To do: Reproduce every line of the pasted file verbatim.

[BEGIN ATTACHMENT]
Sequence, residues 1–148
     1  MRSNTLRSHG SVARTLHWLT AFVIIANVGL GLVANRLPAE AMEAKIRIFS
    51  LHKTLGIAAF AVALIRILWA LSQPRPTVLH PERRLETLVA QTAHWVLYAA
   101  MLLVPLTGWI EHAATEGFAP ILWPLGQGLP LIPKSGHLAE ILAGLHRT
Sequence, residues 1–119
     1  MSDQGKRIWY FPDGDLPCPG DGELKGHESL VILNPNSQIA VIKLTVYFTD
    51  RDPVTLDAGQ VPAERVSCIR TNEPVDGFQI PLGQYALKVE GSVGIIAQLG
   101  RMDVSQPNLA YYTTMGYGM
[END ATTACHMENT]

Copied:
Sequence, residues 1–148
     1  MRSNTLRSHG SVARTLHWLT AFVIIANVGL GLVANRLPAE AMEAKIRIFS
    51  LHKTLGIAAF AVALIRILWA LSQPRPTVLH PERRLETLVA QTAHWVLYAA
   101  MLLVPLTGWI EHAATEGFAP ILWPLGQGLP LIPKSGHLAE ILAGLHRT
Sequence, residues 1–119
     1  MSDQGKRIWY FPDGDLPCPG DGELKGHESL VILNPNSQIA VIKLTVYFTD
    51  RDPVTLDAGQ VPAERVSCIR TNEPVDGFQI PLGQYALKVE GSVGIIAQLG
   101  RMDVSQPNLA YYTTMGYGM